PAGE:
We Have Moved!

Yes, you are correct. We have moved. The most frequently asked question lately is "Where to?"

Well, we're now at 16462 Gothard St Ste E. It's on the northeast corner of Gothard and Heil. While heading North on Gothard, turn right at the second driveway after the stop light.

Yes, I realize we're harder to find. We've eliminated the store front and gone back to our roots as a repair shop. That leads us to our other frequently asked question: "Why the move?"

Well, simply put, the rent was going up at the old spot. A lot. We're not a music store... and that's never what we wanted to focus on. We are a repair shop. This new location puts a lot more focus on the service side of things. More shop square footage. Much less retail product. (just strings and accessories)

We're settling in to our new place. We look forward to providing faster and better service than ever to our clients. We want to keep costs down and turnaround time down. Quality will never go down, however. We're better than ever.

Thanks for the support!

Hugh Thomas

Not all Plek jobs are equal

Many guitars come into the shop that were Plek'd at the factory. We've seen some of these that still have fret issues. This scan pictured above is an example of a very expensive guitar from a major manufacturer. It has high frets in prime playing areas. The customer complained of it being buzzy and some notes hardly ringing at all. (mostly on the 4th fret, where the 5th fret is so high the string is hitting it) So while this guitar was Plek'd at the factory, it unfortunately needs more fret work. A Plek job is only as good as the technician who does the job. We are experts at fret work. You won't have this problem with us.

Get Plek'd!

13th Street Guitars is now offering Plek services. This amazing robotic machine gives us an incredible level of precision in our fret work and setups. Combining our skills from thousands of fret dresses done by hand with this tool gives you the best playability possible. Click to our Plek page to learn more!

Why tone caps aren't that big of a deal

There's a lot of talk about tone capacitors. People have theories and ideas about them. A lot of this information is not founded in reality, but rather in marketing and "mojo."

Your tone capacitor does almost nothing until you turn your tone control down. While potentiometers do allow for a tiny, minuscule bit of bleed-through, they are essentially an open gate or a closed gate when turned all the way in one direction.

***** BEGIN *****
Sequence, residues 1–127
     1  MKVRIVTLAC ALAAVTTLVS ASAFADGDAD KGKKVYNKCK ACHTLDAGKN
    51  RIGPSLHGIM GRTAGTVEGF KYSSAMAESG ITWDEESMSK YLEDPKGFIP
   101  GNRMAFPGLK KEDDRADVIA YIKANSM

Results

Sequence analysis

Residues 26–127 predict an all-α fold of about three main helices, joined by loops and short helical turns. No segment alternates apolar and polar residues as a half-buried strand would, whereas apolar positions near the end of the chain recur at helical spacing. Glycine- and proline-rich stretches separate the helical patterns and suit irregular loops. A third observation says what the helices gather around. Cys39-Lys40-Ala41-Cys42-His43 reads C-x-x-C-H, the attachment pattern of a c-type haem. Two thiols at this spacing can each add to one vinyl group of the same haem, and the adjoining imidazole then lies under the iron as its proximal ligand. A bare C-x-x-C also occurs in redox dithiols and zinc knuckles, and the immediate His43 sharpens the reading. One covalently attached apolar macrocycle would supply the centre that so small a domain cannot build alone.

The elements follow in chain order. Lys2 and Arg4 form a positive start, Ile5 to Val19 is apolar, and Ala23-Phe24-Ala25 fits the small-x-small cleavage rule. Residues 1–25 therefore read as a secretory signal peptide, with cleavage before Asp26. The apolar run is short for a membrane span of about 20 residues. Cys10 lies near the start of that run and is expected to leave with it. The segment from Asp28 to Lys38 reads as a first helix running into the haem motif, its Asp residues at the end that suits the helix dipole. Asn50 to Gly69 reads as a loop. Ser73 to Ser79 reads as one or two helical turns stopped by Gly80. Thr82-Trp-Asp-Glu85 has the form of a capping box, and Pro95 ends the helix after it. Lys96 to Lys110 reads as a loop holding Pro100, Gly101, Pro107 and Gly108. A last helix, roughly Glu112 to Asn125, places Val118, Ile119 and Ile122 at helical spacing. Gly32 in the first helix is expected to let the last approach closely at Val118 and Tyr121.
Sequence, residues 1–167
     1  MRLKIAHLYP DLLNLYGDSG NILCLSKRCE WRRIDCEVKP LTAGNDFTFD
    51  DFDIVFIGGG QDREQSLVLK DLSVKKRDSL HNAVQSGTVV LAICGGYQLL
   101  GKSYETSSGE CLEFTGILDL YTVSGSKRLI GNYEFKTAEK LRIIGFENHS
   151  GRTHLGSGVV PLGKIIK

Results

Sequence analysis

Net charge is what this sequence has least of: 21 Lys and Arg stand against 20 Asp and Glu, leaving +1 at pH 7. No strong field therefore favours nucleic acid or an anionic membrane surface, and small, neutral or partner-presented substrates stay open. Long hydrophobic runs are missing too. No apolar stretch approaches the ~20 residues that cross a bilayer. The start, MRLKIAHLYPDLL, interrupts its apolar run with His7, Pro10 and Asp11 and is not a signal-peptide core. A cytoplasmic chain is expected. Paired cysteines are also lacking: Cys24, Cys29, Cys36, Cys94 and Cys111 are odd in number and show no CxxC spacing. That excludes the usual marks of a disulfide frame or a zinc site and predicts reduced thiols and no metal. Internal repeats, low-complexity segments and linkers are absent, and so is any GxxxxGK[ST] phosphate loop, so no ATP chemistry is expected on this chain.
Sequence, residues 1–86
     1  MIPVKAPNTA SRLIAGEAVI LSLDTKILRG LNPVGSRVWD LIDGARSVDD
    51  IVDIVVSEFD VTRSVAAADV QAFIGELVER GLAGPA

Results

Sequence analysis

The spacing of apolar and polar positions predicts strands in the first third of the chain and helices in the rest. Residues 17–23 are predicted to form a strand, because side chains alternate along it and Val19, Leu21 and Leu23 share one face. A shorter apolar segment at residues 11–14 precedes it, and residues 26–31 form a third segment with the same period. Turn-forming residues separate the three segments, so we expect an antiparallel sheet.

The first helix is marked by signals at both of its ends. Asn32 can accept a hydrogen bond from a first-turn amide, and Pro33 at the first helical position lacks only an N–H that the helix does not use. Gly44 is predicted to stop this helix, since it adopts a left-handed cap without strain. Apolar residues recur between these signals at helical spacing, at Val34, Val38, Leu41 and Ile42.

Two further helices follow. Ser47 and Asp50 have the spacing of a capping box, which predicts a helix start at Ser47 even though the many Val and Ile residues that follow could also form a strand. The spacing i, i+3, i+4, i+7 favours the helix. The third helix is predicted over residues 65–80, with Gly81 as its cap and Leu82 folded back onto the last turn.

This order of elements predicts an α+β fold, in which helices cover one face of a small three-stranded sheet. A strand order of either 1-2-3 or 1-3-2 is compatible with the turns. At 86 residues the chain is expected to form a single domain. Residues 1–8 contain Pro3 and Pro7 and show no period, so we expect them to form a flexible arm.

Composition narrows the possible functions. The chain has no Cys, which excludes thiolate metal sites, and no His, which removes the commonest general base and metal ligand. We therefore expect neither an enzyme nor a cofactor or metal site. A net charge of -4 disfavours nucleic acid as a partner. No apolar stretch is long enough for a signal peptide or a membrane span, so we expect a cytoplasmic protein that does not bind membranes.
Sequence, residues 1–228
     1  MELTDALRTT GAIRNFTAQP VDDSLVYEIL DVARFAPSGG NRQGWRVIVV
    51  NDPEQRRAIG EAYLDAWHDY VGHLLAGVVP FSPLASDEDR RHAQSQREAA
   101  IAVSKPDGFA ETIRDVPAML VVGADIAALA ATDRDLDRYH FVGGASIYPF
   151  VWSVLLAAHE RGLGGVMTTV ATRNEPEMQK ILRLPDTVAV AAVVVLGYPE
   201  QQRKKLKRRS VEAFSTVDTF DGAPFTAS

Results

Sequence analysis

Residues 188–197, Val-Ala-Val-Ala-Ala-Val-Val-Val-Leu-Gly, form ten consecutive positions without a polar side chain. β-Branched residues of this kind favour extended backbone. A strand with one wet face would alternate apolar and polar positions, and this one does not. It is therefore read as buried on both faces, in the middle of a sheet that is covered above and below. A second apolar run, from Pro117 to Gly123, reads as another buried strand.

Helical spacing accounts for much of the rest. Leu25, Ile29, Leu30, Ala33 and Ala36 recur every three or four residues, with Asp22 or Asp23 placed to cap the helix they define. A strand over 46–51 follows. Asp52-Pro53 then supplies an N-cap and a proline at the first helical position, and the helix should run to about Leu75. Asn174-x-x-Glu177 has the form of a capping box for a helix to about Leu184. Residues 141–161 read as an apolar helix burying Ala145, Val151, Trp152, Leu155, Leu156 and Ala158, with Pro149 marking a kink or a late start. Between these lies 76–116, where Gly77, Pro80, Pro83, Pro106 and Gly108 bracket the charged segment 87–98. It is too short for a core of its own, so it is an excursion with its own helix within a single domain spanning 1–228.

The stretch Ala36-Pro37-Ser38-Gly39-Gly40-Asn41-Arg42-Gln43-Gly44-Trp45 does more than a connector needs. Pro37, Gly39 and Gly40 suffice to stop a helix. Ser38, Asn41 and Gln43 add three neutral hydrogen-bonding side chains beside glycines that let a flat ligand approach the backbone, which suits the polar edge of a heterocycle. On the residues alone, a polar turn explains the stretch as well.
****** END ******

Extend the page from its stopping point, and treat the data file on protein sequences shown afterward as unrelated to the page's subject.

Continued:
Think of it like this:

Sound comes out of the pickup. It meets with the volume control. The volume is a gate that limits how much sound can get through. When it's turned all the way up, the gate is wide open. The guitar is loud. You hear everything that pickup has to offer.

The tone control is like a side gate. When it's turned all the way up, it is closed. Everything goes out the main gate - through the volume control. As you turn down the tone, it opens the side gate. It allows sound to hit the tone capacitor.

The tone capacitor only allows high frequencies (treble) to pass through. The treble that gets through is then sent to ground. It's gone. You don't hear this sound. What you hear is what didn't go to ground.

People have an idea that their tone cap will have a huge effect on the overall tone of the guitar with everything turned up. That is just not true. If you don't turn your tone controls down while playing, you can't really hear what your tone cap is doing. That's because it's just sitting there doing nearly nothing. Now, as mentioned above, there is a tiny bit of bleed through. We say the difference between having the tone control there and not is like turning your tone up from 10 to 11. It's really more like turning it up from 10 to 10.2 or something. It's almost undetectable. The bulk of your tone, with the exception of a tiny bit of high frequencies, is all getting through. You're not "hearing the cap."

In this graphic above, I tried to make it pretty simple to understand. This is a simplified diagram rather than a schematic that scares people off. Take note of the blue line - and how it passes straight through. See how the tone cap is down off the side? The tone you hear does not pass through that cap at any time. Even when the tone is turned down, what goes through that cap is gone. It's not heard.